United States District Court, D. Connecticut
INITIAL REVIEW ORDER
A. Dooley United States District Judge
plaintiff, Reginald Reese (“Reese”), is
incarcerated at the MacDougall-Walker Correctional
Institution (“MacDougall-Walker”). He initiated
this action by filing a civil rights complaint against Drs.
Omprakash Pillai, Edgar Cory and Augustus Mazzocca, Physician
Assistant (“PA”) Kevin McCrystal and Health
Services Administrator (“HSA”) Rikel
Lightner.He claims that the defendants were
deliberately indifferent to his knee injuries and pain from
those injuries during his confinement at MacDougall-Walker.
For the reasons set forth below, the complaint is dismissed
Pursuant to 28 U.S.C. § 1915A(b), the court must review
prisoner civil complaints against governmental actors and
“dismiss ... any portion of [a] complaint [that] is
frivolous, malicious, or fails to state a claim upon which
relief may be granted, ” or that “seeks monetary
relief from a defendant who is immune from such
relief.” Id. Rule 8 of the Federal Rules of
Civil Procedure requires that a complaint contain “a
short and plain statement of the claim showing that the
pleader is entitled to relief.” Fed.R.Civ.P. 8(a)(2).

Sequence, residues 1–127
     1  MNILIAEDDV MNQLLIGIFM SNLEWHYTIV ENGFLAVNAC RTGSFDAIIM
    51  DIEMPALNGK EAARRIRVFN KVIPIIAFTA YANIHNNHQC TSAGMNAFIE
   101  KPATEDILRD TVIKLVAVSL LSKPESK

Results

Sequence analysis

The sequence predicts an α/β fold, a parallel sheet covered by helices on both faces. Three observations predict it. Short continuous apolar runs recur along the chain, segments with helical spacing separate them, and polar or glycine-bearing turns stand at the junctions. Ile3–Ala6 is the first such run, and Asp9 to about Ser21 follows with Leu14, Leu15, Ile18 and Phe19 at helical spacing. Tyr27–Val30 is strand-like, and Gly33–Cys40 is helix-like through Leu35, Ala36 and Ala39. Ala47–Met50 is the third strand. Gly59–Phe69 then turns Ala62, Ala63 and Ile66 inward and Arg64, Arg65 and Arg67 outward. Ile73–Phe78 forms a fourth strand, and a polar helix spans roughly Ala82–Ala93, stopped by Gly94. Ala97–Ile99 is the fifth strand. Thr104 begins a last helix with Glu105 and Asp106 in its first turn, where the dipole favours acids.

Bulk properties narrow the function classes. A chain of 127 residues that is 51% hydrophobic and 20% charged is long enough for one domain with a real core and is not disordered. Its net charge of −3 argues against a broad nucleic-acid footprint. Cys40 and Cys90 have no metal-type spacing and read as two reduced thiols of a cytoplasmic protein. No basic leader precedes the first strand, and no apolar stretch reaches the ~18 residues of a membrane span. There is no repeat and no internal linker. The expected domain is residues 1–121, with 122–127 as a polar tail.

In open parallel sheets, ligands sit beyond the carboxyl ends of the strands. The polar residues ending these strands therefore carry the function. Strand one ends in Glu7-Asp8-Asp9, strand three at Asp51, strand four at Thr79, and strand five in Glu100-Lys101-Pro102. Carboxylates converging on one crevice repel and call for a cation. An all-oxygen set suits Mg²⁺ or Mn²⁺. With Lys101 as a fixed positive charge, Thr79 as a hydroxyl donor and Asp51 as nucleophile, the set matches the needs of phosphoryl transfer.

detailed allegations are not required, “a complaint
must contain sufficient factual matter, accepted as true, to
state a claim to relief that is plausible on its face. A
claim has facial plausibility when a plaintiff pleads factual
content that allows the court to draw the reasonable
inference that the defendant is liable for the misconduct
alleged.” Ashcroft v. Iqbal, 556 U.S. 662, 678
(2009) (internal quotation marks and citations omitted). A
complaint that includes only “‘labels and
conclusions,' ‘a formulaic recitation of the
elements of a cause of action' or ‘naked
assertion[s]' devoid of ‘further factual
enhancement, '” does not meet the facial
plausibility standard. Id. (quoting Bell Atl.
Corp. v. Twombly, 550 U.S. 544, 555, 557 (2007)).
Although courts still have an obligation to interpret
“a pro se complaint liberally, ” the
complaint must include sufficient factual allegations to meet
the standard of facial plausibility. See Harris v.
Mills, 572 F.3d 66, 72 (2d Cir. 2009) (citations
July 27, 2012, while at MacDougall-Walker, Reese injured his
left knee playing basketball. See Compl. at 8 ¶
1. Medical Staff members provided Reese with ice and
medication for his pain symptoms. See Id. In the
months following the injury, Reese submitted multiple
requests to the medical department to be seen and to be
referred for an MRI because his knee was swollen and painful.
See Id. On October 27, 2012, Reese sent a request to
HSA Lightner indicating that medical staff at
MacDougall-Walker had not been responsive to his medical
needs. See id.
November 26, 2012, Reese underwent an MRI of his left knee.
See Id. ¶ 2 & at 27, 29. On October 30,
2012, Reese sent a request to Dr. Pillai complaining about
his knee and ankle. See Id. Dr. Pillai did not
respond to this request. See Id. On December 6,
2012, Reese sent a request to Dr. Naqvi seeking to meet with
him to discuss the results of the MRI and the type of surgery